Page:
She moved to Japan for love—and settled in with the intention of relocating for life. With three stories featured in the collection and nearly forty years of experience as a gaijin married to a Japanese, Naomi certainly has a unique version of life here to share with the world. She first made a home out in the suburban area of Chufu, which, though just outside Tokyo, had the cultural makeup of a small rural town. It was a place where some women hadn’t even ventured out to Tokyo because their entire world was located inside their house. “Women cook, men make money.” It’s a cliché that seems hopelessly outdated to me, but is still very real to a large part of the world’s upbringing and culture. The gender lines in Japan, Naomi said, are very real and sharply defined. I wondered what it was like to be married to a Japanese man, and if this had affected the way she saw herself as a woman here.
“Fortunately for me, my husband is not an ordinary salaryman.” Naomi said. “He’s a musician, working at odd, unconventional times. I go to all his concerts if I can, but I don’t know another wife who attends her husband’s concerts. I think that is my greatest sadness in Japan, that women and men tend to live totally separate lives. I can’t count the times I have been invited to a group my husband is involved in and been the only partner there.”
Yes, being a foreign woman in Japan is a different experience than being a foreign man, and being a foreign wife is even moreso. Naomi became frustrated with the limitations placed on women here at first, yet attempted to conform to the society and fit in as best she could. That, she said, was a mistake.
“My apparent duty to conform to a rather rigid and limited society was not as strict or heavy as I first thought. Japanese people themselves didn’t expect it and didn’t want it. They didn’t want me to be like them, they wanted to glimpse possible expansion through me.”
Only through realising this was she able to break out of the idea that she had to be Japanese and from there she found freedom to explore her own identity. To her surprise, she found that Japan wasn’t as strictly conformist as she had thought. Her own country of England seemed to be just as conformist as Japan, just with different ways. This revelation allowed her to spread her gaijin wings, so to speak, and work with the culture to create her own version of how a woman should be in society. She discovered that being a foreigner worked to her advantage and was able to flourish with her positive revamping of what could have become a life of bitter resentment of a culture clashing with her own personal beliefs. But that’s the beauty of Japanese culture, in the end—it really is malleable, and is changing more and more towards embracing all things international. It’s a matter of finding the opportunities to flourish and then taking them, creating your own version of Japan.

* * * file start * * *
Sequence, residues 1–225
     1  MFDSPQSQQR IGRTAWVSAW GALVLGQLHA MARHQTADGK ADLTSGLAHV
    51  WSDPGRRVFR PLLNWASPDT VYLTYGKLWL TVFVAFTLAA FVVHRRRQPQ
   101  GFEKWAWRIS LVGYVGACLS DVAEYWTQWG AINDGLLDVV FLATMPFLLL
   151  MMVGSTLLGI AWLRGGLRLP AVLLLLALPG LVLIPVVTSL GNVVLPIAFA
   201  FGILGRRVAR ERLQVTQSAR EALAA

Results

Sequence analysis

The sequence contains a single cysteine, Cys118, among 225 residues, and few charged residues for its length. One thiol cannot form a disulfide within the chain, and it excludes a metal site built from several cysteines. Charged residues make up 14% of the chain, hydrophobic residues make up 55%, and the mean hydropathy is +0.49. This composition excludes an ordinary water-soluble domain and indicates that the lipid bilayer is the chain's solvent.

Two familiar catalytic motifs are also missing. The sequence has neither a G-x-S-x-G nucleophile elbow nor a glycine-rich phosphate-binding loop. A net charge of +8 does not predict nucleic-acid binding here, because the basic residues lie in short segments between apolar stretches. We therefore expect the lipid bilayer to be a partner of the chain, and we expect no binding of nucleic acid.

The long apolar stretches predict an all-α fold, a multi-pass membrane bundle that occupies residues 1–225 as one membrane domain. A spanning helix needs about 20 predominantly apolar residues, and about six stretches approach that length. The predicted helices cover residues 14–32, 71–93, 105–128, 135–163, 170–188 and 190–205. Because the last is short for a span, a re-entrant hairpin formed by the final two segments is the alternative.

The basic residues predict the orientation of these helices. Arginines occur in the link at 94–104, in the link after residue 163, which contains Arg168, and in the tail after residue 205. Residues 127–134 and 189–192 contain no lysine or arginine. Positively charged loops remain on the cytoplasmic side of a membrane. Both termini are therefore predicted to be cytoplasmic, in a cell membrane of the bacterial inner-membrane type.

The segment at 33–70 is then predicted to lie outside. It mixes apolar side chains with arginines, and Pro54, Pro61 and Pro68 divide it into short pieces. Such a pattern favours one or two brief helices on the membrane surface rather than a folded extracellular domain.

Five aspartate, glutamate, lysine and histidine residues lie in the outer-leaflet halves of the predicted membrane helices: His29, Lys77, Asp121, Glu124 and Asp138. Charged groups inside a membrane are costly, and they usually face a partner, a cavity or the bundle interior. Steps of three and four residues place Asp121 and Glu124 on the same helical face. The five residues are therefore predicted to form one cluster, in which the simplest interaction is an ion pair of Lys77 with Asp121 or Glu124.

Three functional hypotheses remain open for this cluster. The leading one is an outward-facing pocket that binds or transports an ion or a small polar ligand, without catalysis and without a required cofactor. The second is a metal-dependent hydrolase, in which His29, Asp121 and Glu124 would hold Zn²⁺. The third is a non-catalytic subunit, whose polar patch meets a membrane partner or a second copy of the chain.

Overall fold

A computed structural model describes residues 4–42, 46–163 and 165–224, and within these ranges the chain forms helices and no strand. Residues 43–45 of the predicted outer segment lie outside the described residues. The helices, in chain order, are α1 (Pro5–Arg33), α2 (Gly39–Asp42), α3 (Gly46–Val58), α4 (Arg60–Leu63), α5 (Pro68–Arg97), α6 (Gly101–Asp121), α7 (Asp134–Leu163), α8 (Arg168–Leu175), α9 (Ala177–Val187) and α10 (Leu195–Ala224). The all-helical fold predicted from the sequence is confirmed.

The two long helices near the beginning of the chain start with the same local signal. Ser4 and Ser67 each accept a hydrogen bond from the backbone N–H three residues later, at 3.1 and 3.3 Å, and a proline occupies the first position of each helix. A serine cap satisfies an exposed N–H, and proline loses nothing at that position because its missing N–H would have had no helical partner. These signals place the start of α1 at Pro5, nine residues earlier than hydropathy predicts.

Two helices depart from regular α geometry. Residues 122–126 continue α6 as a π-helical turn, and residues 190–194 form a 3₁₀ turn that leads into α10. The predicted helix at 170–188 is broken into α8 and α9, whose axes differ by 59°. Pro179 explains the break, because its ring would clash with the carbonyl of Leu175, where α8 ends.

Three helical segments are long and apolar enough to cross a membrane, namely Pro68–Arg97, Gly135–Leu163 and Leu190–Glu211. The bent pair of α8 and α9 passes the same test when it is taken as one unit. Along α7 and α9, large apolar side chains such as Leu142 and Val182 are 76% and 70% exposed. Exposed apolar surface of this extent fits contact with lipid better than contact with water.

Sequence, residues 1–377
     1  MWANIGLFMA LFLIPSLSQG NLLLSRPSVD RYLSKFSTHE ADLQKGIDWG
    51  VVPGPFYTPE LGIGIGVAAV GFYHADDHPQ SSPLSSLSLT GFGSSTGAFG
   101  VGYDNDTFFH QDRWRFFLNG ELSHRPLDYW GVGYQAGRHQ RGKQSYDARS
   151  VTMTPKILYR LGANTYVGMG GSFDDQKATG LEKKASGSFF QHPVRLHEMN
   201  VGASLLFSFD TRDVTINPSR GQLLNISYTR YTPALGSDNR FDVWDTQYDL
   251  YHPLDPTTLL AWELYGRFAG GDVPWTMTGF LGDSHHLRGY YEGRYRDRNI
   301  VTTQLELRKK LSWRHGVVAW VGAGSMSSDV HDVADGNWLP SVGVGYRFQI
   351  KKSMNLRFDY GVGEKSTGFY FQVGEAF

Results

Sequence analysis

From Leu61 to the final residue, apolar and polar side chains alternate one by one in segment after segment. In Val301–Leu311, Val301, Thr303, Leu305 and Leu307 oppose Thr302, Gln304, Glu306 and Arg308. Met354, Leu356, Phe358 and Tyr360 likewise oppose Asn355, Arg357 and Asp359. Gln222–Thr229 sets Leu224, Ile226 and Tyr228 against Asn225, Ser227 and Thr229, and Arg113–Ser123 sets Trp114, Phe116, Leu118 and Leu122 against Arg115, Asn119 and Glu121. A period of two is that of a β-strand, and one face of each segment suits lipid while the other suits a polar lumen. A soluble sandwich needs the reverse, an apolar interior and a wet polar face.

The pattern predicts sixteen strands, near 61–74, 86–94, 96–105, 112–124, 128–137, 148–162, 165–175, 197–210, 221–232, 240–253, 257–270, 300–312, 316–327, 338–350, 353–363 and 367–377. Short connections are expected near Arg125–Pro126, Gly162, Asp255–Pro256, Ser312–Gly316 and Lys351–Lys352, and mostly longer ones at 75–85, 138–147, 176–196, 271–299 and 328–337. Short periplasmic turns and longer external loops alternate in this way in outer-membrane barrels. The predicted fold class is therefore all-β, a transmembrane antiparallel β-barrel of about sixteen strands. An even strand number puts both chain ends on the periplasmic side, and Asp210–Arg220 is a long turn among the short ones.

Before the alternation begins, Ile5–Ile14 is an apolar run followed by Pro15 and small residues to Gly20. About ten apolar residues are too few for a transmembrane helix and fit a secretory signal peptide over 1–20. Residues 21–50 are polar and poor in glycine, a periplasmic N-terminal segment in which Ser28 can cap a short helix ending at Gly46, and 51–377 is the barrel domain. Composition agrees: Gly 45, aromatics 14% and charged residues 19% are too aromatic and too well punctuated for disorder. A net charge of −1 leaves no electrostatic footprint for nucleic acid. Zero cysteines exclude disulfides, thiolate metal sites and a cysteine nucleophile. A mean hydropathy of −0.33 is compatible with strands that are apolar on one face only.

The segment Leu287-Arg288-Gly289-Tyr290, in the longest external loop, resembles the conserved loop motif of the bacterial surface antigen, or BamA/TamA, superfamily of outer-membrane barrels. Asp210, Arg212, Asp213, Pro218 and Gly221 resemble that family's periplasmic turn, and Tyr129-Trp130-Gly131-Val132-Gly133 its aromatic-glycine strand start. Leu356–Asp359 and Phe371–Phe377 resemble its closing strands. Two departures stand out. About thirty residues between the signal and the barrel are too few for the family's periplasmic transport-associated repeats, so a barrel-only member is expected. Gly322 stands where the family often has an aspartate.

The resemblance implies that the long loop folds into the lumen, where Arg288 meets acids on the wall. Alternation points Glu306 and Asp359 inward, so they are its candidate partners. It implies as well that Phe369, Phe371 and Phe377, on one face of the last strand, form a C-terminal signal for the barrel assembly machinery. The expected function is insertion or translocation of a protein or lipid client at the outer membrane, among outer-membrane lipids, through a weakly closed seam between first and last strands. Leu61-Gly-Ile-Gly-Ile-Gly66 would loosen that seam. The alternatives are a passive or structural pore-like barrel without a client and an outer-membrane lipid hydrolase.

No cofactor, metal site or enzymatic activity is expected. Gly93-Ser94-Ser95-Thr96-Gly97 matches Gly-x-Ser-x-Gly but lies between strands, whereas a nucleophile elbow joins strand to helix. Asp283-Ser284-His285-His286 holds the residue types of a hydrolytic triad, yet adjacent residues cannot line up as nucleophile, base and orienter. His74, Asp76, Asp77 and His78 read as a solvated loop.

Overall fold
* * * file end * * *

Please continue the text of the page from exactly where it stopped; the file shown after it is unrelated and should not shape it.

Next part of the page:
Forty Stories of Japan isn’t just a book about Japanese culture, it’s a series of voices looking at Japanese culture from the outside. On the book, Naomi commented:
“Everyone’s story in the book is so different! Everyone’s style is so different. Despite its love of conformity, we have all encountered a different Japan because the places we’ve been and the people we’ve met are different and have touched us in different ways. I think that’s the charm of the book. I think it’s a unique thing that Graham has done, finding so many people with different eyes and experiences and bringing them together in myriad expressions in one book. Has anyone else ever done that before? I don’t think so.”
For purchasing in Japan, contact Allan Murphy (firstname.lastname@example.org).